The kitchen at Mott Community College’s Culinary Arts Program is bustling with activity as students learn how to make cheese from Chef Mark Handy. Chef Mark teaches the garde manger class, in which students are taught how to prepare different foods produced in the cold kitchen, including cheese-making, smoked and cured foods, salads and salad dressings, cold sauces and soups, to name a few. And the students are in good hands. Chef Mark was recently one of 26 chefs inducted into the American Academy of Chefs, a great achievement. According to Dawn Hibbard, Communication Specialist at MCC, Chef Mark is one of only 20 chefs in Michigan to receive this honor. Chef Mark explained that there are 17 mandatory requirements to even be considered, and a chef must be nominated by two AAC members. He was sponsored by Chef John Zehnder and Chef Rajeev Patgaonkar.
Mark’s passion for food began when he was just a little boy in his grandmother’s kitchen. “She made me a chef’s apron, put me on a stool in the kitchen, and I would help her cut biscuits and make fried chicken,” he remembers. “She was a southern lady and there was something so comforting about the food she made.” So, when Mark graduated from Swartz Creek High School where he had completed the culinary co-op program, he decided to pursue the Culinary Arts Program at Lansing Community College. It didn’t go so well; on his first day he went through three hours of sensory tasting, which made his stomach turn flip-flops. “I didn’t want any part of it,” he laughs.
He continued to work in the food industry, and later completed the culinary program at MCC. He got his first big break working at Bosley’s under the direction of Chef Dave Minar (who is also known as wild game chef “Dixie Dave”). Chef Minar went on to become the executive chef at the Sheraton Inn in Flint and Mark followed him there to work as a sous chef. He took over as executive chef at the Sheraton at age 24.
Since then, Mark has furthered his education; he graduated from Mott Community College with an associate’s degree in Culinary Arts, and earned a bachelor’s degree in Business Administration from Northwood University. He is currently pursuing his MBA at Northwood/DeVos Graduate School and will graduate next year. Throughout his career, Mark has worked at various positions and restaurants including the Market Street Inn, Bavarian Inn Lodge, Gepetto’s in Frankenmuth, where he met his wife (she was a waitress there at the time), and the City Club of Lansing. “Today, I enjoy teaching,” says Chef Mark. “After 24 years in the industry, it is nice to be able to pass my knowledge on to the next generation.”
There are about 300 students at MCC in three programs in the area of cooking: Baking & Pastry Arts, Culinary Arts, and Food Service Management. Chef Mark is also working on certification as an approved Certification Examiner, as MCC’s Baking & Pastry Arts Program recently qualified to be a test center to host culinary and baking and pastry certification exams. It is one of 11 approved sites in Michigan, according to Dawn Hibbard. Chef Mark says the Culinary Arts field is booming and a good career to get into right now. “There is a tremendous shortage of food service workers,” reports the chef. “Other countries are offering bonuses and incentives. There is a great demand right now.”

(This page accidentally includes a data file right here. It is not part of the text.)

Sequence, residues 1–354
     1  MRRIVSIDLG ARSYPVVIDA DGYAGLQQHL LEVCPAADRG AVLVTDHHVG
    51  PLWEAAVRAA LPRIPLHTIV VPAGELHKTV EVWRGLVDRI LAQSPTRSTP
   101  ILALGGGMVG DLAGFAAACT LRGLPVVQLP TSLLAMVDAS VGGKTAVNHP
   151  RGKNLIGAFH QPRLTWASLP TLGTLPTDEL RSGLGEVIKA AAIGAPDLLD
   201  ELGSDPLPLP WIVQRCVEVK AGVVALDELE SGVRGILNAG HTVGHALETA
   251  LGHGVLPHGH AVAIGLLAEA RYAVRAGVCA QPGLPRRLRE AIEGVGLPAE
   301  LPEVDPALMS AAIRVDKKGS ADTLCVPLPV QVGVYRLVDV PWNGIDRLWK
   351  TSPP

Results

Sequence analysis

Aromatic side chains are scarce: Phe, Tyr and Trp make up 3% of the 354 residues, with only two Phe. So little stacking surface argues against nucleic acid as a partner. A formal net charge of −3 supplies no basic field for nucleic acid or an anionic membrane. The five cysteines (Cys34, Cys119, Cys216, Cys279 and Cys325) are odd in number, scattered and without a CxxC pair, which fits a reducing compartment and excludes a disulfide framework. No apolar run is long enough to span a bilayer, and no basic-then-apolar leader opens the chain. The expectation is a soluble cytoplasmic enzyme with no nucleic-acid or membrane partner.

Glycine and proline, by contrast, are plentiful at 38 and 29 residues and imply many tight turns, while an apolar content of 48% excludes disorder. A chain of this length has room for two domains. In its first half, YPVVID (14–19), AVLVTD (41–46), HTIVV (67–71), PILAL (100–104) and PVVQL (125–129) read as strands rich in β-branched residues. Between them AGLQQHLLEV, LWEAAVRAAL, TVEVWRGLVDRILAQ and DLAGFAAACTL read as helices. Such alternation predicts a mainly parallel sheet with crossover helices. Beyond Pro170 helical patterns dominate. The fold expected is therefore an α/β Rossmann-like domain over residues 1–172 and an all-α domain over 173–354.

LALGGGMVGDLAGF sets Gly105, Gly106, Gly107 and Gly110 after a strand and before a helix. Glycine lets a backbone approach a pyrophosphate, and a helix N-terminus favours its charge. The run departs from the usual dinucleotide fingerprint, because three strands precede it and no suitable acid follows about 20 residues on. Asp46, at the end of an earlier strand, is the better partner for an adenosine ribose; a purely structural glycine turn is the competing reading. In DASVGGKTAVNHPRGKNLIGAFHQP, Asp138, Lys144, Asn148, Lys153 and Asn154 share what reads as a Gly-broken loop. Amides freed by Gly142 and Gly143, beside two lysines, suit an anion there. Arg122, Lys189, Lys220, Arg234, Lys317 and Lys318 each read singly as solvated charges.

Applewood Café, a student-operated fine-dining restaurant on the MCC campus, is a showcase for the work of the culinary students. Matthew Cooper is the program coordinator, and the instructors include John Lucchesi, Management Instructor, and David Miller, Pastry Chef Instructor. “Every class has a part in the final product. It all fits together like a glove,” says Chef Mark. For instance, Mark’s class prepares the sauerkraut and corned beef for Applewood Café’s popular Reuben sandwich.
In his spare time, Mark enjoys spending time with his family and his wife, Angie, who is a nurse in the Burn Unit at Hurley Medical Center. He loves cooking at home. “I love grilling and fresh food, and I really love seafood,” he says. “My kids boast about having a chef for a father.” The Handy family will be treated to a seafood feast on Christmas Day, including lobster, crab legs and fresh scallops. Prime rib is another holiday favorite.
Chef Mark’s advice for future chefs? “You have to have the passion for it,” he says. “If you don’t, you are never going to make it. And, you have to like change and be a hard worker.” The chef is also very proud of his accomplishments and induction into the AAC. “It is the culmination of my whole career,” he shares. “They are seasoned chefs and I feel very honored.”
Photography by Mike Naddeo